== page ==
Dealing with selective mutism in the classroom can be very difficult and frustrating for teachers. After all, sometimes it seems that a child with selective mutism is simply misbehaving by not speaking or participating; And furthermore, it can be difficult to judge how much the child has learned when not reading aloud, etc.

Selective mutism is usually a symptom of an anxiety disorder, and the full impact of this disorder is usually not apparent until the child begins school. It is most often in the classroom that the effects of selective mutism are most seriously experienced. Therefore, most of the time it is the teacher who must deal with this disorder, learn to deal with it and fight it.

Fortunately, there are things teachers can do to help deal with selective mutism in the classroom. Here are some tips:

The teacher is often the center of the child’s most intense symptoms. Be patient. Understand that there is a completely different child than the one you may come to know under the shell of selective mutism.

· Keep in mind that, as a teacher, you are an essential part of helping students combat their selective mutism. Be understanding. Keep in mind that the symptoms of selective mutism are unintentional and therefore you should not get frustrated or angry.

· If you suspect selective mutism, refer both the child and the parents to a doctor or psychologist. Together, you can help develop a behavior-based treatment plan. This is the most effective approach to treating selective mutism.

Work with a speech-language pathologist (SLP). In fact, you (the teacher), the parents, the child, the psychotherapist, and the SLP are important parts of the treatment team. Coordinate your actions and work together.

· Do not try to force the child to speak. Of course, it is okay to gently encourage the child to speak.

Reward and praise the child for speaking and participating in the classroom. Rewarding the child will make them feel part of the classroom, but at the same time more independent. It can help to slowly break through the shell of anxiety.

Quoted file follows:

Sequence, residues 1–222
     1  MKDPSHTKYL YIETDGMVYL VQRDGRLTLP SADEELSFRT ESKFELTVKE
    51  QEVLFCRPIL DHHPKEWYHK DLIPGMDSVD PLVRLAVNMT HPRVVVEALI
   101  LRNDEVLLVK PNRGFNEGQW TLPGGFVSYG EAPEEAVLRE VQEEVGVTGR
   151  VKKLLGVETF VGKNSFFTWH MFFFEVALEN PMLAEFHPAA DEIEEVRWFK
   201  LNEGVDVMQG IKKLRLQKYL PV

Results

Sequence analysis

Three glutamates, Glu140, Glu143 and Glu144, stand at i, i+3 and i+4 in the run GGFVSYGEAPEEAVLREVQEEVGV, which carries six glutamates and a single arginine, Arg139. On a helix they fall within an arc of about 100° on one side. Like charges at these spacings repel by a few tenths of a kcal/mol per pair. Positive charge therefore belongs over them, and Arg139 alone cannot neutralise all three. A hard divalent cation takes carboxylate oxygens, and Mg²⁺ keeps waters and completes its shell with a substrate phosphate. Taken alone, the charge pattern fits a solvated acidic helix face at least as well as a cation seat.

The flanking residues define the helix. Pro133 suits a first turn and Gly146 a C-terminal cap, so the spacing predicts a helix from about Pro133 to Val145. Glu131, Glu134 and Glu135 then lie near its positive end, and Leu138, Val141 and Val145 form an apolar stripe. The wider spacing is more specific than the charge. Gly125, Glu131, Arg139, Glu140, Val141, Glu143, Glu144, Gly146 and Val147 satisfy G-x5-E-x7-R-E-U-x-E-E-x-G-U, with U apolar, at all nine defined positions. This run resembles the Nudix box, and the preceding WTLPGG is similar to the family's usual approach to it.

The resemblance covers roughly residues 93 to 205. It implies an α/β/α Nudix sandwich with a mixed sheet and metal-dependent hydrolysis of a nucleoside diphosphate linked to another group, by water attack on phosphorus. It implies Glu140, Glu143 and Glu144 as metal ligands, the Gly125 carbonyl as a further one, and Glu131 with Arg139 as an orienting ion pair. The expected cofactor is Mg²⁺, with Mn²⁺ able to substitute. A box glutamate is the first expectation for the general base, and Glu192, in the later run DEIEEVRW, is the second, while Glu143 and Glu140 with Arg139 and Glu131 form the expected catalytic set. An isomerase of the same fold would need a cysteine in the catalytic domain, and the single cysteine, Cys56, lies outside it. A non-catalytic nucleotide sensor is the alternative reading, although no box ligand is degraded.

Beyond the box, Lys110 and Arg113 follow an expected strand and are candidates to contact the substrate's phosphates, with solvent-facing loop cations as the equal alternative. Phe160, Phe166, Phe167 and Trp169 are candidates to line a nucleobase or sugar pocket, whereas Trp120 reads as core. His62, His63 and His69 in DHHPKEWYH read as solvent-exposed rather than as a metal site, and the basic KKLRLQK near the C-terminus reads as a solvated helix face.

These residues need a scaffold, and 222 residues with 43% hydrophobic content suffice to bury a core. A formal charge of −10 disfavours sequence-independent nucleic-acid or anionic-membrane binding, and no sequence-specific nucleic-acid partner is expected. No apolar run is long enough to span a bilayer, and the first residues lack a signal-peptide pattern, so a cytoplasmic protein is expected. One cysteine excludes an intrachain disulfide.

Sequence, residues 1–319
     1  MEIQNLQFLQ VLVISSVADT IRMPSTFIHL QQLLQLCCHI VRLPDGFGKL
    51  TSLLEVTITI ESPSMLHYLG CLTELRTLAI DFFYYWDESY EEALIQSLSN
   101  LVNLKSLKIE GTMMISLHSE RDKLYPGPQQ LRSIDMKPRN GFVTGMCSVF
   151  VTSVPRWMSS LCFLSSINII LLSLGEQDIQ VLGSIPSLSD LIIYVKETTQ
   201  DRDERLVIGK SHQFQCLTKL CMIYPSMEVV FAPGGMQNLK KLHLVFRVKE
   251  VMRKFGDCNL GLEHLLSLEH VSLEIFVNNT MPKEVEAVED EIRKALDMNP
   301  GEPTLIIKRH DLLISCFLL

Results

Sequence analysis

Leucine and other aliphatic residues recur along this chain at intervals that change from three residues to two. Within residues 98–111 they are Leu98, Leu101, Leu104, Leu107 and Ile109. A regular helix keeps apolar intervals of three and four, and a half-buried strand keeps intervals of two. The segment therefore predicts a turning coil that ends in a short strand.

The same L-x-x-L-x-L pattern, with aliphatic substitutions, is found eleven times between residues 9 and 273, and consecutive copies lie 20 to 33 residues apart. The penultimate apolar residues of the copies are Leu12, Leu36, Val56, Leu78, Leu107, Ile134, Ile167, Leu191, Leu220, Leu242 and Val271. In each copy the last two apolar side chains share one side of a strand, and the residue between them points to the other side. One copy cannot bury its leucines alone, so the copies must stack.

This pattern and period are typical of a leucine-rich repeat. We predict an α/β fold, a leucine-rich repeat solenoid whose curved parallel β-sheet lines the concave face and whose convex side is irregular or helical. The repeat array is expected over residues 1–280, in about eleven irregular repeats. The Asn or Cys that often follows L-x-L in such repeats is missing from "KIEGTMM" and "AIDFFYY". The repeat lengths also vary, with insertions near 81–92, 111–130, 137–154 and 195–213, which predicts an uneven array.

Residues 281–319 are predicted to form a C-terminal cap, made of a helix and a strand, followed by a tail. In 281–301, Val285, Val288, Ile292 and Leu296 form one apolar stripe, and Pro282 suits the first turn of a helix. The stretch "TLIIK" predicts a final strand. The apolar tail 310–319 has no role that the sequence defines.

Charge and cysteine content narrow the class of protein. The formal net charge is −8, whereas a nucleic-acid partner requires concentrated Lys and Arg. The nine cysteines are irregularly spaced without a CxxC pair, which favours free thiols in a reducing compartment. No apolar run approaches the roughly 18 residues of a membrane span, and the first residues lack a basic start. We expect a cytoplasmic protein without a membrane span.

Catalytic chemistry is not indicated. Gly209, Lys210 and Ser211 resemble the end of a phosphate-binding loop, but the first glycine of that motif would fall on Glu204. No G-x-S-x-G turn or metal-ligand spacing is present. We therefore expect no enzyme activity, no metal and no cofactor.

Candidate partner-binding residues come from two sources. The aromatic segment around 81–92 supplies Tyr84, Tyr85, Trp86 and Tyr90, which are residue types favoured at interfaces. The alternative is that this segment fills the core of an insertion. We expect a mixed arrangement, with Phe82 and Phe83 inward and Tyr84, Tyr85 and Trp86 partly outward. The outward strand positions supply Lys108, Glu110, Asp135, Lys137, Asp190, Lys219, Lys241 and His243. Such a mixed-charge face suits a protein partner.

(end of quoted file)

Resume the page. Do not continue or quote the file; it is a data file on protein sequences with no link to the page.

A child with selective mutism adapts better to routine and structure.

Maintain a predictable structure and be sure to clearly explain classroom activities. Doing these things will help narrow down the unknown and give your child a sense of structure.

· Try to avoid sudden schedule changes. If you are planning a time change or a new activity, give the children a preview of the expected change.

Although a child with selective mutism may not be directly involved in an activity, they may do so after a while. It is easier for him or her to join in once he has observed the other children and knows what to do. Help the child participate in the activity and then slowly fade away as he or she feels more confident.

Assessing the development and abilities of a child with selective mutism can be very difficult for the teacher. After all, it is difficult to judge how well a child can read if he does not read aloud.

· Keep in mind that just because you have not seen signs of the child’s ability does not mean that you do not understand.

Talk to an SLP to learn about the different methods of assessing a child’s reading skills.

Some children will point to letters or take other non-verbal assessments.

See if the child will allow his parents to videotape his reading performance at home.

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